TEN COMMON MISCONCEPTIONS ABOUT TAXES AND DIVORCE
Posted on 04/19/2012
If death and taxes are inevitable then divorce and taxes are inseparable. One cannot fully appreciate the financial ramifications of a divorce without understanding how taxes impact the bottom-line. Ten common misconceptions about taxes and divorce are:
Assets having an equal fair market value are always worth the same. Except for cash, appreciated (worth more than what was paid to buy it) assets received in a divorce come with a built in income tax liability that must be paid when the asset is sold. Each asset will have unique tax characteristics that may make the tax owed on one asset greater than the tax owed on another. Therefore, the net asset value (fair market value less the tax) received may also be different.
Permanent alimony awarded in a divorce decree is always taxable. It is unless: (a) the divorce court final order or settlement agreement that is incorporated into the order states that it is to be non-taxable and non-deductible; (b) it is not paid in cash; (c) it is to continue beyond the payee spouse’s death; (c) it’s cessation is related in time to a minor child reaching majority; (d) it is front loaded and must later be recaptured.
Temporary alimony paid while the case is pending is never taxable if the spouses are living together in the same home. It is taxable, whether or not they live together, unless the court order or written agreement states that it is to be non-taxable, the parties are living in the same household after they are legally divorced, or, it is not paid under a court order or written agreement.
The parent with the higher income gets the dependency exemption for children. This is only true if parents’ share custody and the time with the child equally split or the child has reached age 19. Otherwise, the custodian parent gets the exemption but can relinquish it to the non-custodial parent by signing Form 8332.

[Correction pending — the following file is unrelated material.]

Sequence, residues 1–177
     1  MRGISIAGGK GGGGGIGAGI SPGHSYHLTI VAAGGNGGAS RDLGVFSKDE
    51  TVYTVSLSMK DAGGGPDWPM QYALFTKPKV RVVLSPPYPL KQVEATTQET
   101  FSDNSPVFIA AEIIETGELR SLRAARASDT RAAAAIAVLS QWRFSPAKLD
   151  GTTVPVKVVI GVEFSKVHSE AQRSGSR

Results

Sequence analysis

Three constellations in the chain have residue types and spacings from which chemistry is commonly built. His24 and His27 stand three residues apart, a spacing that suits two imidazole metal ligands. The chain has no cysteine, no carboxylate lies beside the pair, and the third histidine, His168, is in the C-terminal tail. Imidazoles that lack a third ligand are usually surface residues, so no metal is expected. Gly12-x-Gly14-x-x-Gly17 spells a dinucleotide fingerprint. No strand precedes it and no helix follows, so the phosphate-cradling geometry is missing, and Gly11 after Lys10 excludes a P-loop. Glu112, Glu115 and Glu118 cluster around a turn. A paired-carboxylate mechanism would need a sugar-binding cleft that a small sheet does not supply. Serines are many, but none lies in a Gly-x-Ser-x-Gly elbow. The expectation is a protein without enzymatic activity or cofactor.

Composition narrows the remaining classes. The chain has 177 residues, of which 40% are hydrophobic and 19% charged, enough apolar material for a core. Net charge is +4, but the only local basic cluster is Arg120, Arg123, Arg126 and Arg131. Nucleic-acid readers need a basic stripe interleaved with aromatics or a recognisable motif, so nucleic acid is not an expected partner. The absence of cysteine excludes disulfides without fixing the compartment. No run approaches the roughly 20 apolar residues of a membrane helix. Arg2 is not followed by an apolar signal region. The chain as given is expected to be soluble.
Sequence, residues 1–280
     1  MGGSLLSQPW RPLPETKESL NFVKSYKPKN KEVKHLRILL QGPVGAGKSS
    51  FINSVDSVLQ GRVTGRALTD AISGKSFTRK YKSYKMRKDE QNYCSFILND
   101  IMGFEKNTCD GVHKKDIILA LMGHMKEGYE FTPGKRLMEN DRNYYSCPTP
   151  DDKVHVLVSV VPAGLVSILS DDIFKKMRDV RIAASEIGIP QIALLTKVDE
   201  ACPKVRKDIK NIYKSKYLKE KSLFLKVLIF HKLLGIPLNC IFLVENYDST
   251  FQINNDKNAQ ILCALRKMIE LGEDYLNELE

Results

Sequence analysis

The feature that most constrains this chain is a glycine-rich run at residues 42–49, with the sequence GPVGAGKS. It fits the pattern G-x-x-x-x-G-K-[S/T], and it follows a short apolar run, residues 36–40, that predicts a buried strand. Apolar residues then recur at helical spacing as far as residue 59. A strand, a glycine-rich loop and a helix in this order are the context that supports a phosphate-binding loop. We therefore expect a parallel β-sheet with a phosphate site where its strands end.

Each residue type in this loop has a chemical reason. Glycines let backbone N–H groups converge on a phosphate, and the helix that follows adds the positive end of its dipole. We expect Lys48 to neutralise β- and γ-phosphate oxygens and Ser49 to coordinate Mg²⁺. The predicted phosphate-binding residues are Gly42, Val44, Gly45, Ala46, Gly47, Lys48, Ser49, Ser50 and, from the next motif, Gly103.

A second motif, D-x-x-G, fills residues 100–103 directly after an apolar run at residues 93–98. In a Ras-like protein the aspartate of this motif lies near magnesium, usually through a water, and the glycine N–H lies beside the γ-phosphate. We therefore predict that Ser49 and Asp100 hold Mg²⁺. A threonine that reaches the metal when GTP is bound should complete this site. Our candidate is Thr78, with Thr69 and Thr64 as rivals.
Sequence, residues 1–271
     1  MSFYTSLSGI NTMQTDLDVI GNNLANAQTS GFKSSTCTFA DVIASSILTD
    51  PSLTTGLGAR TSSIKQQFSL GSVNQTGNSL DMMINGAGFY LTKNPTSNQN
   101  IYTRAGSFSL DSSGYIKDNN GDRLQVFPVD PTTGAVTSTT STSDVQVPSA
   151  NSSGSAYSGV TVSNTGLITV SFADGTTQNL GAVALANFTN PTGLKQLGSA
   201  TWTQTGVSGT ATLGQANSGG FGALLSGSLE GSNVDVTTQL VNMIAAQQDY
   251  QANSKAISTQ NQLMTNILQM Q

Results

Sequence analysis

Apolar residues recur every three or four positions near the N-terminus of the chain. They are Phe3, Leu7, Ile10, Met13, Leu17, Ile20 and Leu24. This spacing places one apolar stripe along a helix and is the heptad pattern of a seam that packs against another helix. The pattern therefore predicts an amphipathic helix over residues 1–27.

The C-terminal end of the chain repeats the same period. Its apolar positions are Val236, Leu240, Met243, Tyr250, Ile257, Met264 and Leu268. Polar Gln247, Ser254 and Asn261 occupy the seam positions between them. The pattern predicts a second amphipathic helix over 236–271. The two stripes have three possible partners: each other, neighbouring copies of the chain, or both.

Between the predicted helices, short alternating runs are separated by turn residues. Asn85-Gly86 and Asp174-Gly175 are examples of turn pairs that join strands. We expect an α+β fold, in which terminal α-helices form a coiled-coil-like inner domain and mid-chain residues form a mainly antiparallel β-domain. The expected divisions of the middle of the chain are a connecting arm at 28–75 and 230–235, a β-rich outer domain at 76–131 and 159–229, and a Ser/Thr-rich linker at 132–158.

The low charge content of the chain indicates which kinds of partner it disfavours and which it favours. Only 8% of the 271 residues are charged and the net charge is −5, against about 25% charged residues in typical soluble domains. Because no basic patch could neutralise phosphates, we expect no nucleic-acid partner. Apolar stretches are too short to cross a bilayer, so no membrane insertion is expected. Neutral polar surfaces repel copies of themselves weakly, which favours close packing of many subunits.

If spouses file separate returns both must use the disadvantaged married filing separately filing status. Either one or both spouses living apart may qualify as Head of Household.
If one spouse agrees to pay all tax liabilities the other spouse need not worry about IRS. The agreement between spouses to allocate a tax liability is not binding on IRS. IRS will pursue both spouses and all assets for unpaid taxes unless one or both qualify as an ‘innocent spouse” or are eligible for equitable relief. The spouse who pays more than his or her agreed share can seek reimbursement from the other spouse. Indemnification clauses should provide for a process to be followed with regard to post-divorce tax matters.
Filing separate a separate return is an absolute shield to problems with IRS regarding the other spouse’s income tax debt. Marital assets owned jointly may be encumbered by an IRS tax lien giving IRS the right to seize and sell the property even if transferred to the innocent spouse as part of the divorce court final order.
A spouse need not worry about prior joint returns if the other spouse had all of the income reported in the return. The non-earner spouse may be liable if IRS audits the prior joint returns and finds more income or disallows deductions about which the non-earner spouse had knowledge. The so-called “innocent spouse” escape hatches may offer some relief, however, but are difficult to establish.
Fees paid to lawyers and CPAs in a divorce are always deductible. Generally, only fees for tax advice or to obtain taxable alimony are deductible. Fees to acquire assets, however, arguably may be added to the tax basis for determining future gain or loss.
10. A stock option out of the money has no value. The intrinsic value is the difference between the strike price and current market price. If the strike price is higher than the market, the option is out of the money; but, it still will probably have an opportunity value that can be valued by an expert using complicated financial models.
See newsletter article, regarding what state court judge may and may not order regarding taxes, posted July 15, 2010.
© 2007, 2012 by Robert S. Steinberg, Esquire
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